A friend owns the Nikon D810, and he told me that it has a special feature: a TIFF capture mode. This sounds ideal, since JPEGs do not provide ideal image quality, and Raw files require a lot of processing in software. Why don’t all cameras include an option to shoot TIFFs?
Some other enthusiast-grade Nikon DLSRs, including the new D500, and some Pentax models also provide a TIFF capture mode as part of the manufacturers’ goal to offer numerous options to the user, Finley. However, the majority of owners of such cameras usually shoot most of their images in the more typical capture modes. In fact, Nikon still recommends “NEF (Raw) for photographs that will be processed after leaving the camera, JPEG for photographs that will be displayed or printed without further processing” in their DSLR Camera Basics | Image Quality and File Type article.
The reasons for this are primarily based on file size. A TIFF image captured by the camera is massive because it is not compressed. By comparison, JPEGs are quite small, but the type of compression used in-camera is “lossy,” so there is some degradation of quality. Raw files are larger than JPEGs but still acceptably small, and they benefit from “lossless” compression. Because of the large TIFF file size, the camera’s burst depth is significantly reduced: you can shoot fewer TIFFs in a series than Raw or JPEG photos.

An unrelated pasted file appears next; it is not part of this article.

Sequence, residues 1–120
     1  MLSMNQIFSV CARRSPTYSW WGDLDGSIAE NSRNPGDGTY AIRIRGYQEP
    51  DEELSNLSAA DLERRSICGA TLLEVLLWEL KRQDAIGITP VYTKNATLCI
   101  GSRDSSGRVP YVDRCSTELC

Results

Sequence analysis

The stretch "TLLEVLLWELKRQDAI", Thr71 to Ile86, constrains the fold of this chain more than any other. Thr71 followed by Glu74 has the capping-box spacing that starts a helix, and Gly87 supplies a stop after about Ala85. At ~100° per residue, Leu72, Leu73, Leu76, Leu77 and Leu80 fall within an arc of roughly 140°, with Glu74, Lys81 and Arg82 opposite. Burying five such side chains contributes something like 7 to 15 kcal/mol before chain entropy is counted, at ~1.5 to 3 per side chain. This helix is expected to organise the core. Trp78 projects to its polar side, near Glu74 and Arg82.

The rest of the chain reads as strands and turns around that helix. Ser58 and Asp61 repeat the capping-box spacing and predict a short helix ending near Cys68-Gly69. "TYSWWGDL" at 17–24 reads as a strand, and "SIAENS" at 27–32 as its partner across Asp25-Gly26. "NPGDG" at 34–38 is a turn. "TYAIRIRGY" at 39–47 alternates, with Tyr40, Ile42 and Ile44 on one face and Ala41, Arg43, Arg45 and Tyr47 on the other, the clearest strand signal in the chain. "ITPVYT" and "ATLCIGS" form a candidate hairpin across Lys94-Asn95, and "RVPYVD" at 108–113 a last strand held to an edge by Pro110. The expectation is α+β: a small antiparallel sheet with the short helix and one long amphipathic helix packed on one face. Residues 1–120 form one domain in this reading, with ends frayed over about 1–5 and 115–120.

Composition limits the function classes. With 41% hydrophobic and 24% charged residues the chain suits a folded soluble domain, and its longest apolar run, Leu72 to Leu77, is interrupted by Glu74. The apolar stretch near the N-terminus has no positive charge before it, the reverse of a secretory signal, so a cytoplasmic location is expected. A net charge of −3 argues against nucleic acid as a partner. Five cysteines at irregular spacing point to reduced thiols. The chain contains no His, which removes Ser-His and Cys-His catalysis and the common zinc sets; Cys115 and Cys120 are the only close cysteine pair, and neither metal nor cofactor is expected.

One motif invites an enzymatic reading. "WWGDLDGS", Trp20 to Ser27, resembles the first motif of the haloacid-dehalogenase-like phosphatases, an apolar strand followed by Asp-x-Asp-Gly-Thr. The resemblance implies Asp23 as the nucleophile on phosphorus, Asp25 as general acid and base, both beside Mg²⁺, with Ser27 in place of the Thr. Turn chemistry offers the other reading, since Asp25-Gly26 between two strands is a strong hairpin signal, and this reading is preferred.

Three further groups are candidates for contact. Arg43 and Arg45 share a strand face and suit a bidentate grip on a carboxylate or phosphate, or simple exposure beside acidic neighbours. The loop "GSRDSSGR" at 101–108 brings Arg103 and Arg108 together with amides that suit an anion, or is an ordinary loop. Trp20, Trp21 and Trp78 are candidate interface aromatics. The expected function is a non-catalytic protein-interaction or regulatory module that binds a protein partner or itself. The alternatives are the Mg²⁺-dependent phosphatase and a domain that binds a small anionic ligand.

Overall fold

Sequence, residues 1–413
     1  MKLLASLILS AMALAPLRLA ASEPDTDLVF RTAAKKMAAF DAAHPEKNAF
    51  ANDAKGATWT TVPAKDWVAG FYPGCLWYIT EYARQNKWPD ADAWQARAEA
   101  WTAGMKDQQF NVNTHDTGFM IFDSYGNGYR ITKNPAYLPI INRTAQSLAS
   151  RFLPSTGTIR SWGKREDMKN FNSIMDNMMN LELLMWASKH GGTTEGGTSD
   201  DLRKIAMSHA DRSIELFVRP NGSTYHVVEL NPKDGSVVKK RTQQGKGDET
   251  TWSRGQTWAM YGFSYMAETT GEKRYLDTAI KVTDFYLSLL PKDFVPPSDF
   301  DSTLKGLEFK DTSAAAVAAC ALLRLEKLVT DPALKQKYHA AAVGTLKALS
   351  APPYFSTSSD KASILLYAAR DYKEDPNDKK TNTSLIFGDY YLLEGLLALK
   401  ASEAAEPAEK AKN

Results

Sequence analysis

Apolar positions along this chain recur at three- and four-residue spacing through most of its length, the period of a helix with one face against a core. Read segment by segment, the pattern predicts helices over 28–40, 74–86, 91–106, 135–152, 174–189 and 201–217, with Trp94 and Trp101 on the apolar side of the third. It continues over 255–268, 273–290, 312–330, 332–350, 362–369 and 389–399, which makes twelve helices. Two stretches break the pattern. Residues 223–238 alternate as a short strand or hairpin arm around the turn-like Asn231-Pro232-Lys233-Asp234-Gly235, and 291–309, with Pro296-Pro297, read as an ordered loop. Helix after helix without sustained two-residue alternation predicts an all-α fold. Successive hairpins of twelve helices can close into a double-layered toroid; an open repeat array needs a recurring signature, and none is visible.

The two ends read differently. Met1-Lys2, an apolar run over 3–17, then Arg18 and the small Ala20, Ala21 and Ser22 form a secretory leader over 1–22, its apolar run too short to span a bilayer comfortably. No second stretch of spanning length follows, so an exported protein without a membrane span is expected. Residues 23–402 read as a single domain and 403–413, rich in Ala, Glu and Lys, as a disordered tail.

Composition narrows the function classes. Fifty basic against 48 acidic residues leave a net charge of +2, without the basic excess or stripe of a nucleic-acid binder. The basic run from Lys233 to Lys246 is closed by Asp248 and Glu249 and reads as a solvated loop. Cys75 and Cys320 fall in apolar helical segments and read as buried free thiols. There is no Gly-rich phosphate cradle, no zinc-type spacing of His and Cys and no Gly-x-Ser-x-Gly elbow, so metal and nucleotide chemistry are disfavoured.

With the Nikon D810 and a very fast UHS-1 SD card, for example, you could capture up to a hundred Fine JPEGs in a sequence or up to 36 shots in 12-bit Raw capture but only 25 TIFF photos. And if shooting TIFFs in a long series, you’ll also wait longer for the camera to be ready to fire again, which can mean missing some important moments. In some types of photography, such as sports and wildlife, we often want to take long series, making JPEG or Raw the preferred choice. (When you open the images in a computer, all will provide the full 36-megapixel resolution from the D810, of course, regardless of the capture mode that was used.)
As you would expect with the huge TIFF files, a memory card will hold fewer of these photos compared to Raw or JPEG images. Since high-capacity cards are quite affordable now, this is less of a concern than in the past. Still, it does mean that a card is more likely become full at an important moment during a wedding, for example. While changing cards, you’ll miss some great shots.
The TIFF capture mode may provide the finest possible image quality in theory, but serious photographers often modify their images in software for creative reasons, as I did with the photo of the falconer with an eagle. That Raw capture was extensively modified in terms of contrast, shadow detail, colour rendition, exposure, and so on to achieve the desired effect. Modifying a TIFF photo is a destructive process. On the other hand, a Raw file has greater latitude: it tolerates significant modifications with little loss of quality as discussed in a previous Q&A: “Is it true that you need to shoot Raw photosfor the best quality?” So, while it’s great to have numerous options with a versatile camera, the traditional capture modes remain the most suitable for most photographers.